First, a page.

On the list of what Italian writer Vittorio Messori calls the “perplexities” about Pope Francis, meaning things that are sometimes hard to figure out, one item probably has to be the pontiff’s attitude towards missionary efforts.
On one hand, Francis talks constantly about the imperative of evangelization and spreading the faith. During his recent trip to Sri Lanka, for instance, he called upon Asian Catholics to ramp up their “missionary zeal.”
On the other, Francis rarely misses an opportunity to condemn what he calls “proselytism.” He famously called it “solemn nonsense” in a 2013 interview, and during an ecumenical vespers service Sunday evening at the Basilica of St. Paul’s Outside the Walls he called on all Christian churches to reject “proselytism and competition in all their forms.”
So, which is it? Are Catholics supposed to be trying to convert people and bring them into the Church, or not?
To begin, Francis’ rhetoric on proselytism is absolutely nothing new. Popes John Paul II and Benedict XVI made the same distinction between proposing the faith — understood to be a good thing, indeed obligatory — and imposing it through aggressive or coercive techniques, which they also saw as wrong.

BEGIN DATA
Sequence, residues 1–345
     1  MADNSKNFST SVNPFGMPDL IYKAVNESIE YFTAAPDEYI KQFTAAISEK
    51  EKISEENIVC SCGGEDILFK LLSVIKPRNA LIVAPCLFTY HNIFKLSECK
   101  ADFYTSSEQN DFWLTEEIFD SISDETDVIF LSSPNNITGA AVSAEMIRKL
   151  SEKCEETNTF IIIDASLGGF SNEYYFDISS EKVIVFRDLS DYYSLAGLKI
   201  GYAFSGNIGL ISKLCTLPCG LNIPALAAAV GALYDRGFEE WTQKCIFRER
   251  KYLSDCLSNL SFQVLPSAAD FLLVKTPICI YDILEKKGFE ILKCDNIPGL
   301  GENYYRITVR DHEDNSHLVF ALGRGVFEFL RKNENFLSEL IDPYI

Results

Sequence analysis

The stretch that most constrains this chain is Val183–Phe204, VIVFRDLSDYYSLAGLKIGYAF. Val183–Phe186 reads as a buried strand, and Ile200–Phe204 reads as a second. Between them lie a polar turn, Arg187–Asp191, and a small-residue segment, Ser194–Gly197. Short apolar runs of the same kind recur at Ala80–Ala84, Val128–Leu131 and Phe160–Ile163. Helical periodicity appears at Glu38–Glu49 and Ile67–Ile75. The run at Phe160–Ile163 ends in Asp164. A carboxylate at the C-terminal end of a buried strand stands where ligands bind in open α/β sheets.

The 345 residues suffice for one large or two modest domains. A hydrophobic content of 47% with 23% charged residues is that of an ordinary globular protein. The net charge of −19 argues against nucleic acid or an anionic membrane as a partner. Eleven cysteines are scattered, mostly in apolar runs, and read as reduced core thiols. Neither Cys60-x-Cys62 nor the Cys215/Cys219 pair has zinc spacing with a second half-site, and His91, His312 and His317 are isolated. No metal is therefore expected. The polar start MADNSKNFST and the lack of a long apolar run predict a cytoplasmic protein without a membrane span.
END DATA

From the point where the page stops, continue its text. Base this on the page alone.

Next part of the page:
Yet given Francis’ penchant for taking a traditional position and giving it new currency through clever turns of phrase — witness his “breed like rabbits” sound-bite in defense of Natural Family Planning, for instance — Catholics who are engaged in missionary endeavors may be forgiven a bit of confusion about what exactly this pope wants them to do.
Here’s something to think about: When Pope Francis blasts “proselytism,” he really may not be talking about, or to, Catholics at all.
In that regard, it’s important to remember that Francis’ primary frame of reference is as a Latin American pastor. There’s no part of the world that’s seen more organized and aggressive campaigns of proselytism in the last quarter-century or so, and for the most part Catholics have not been the architects of those efforts.
Instead, they’ve been more akin to the targets.
Arguably the most dramatic religious realignment of the late 20th century was the transition in Latin America from an almost homogeneously Catholic continent to a flourishing spiritual free market, with Evangelicals and Pentecostals posting massive gains.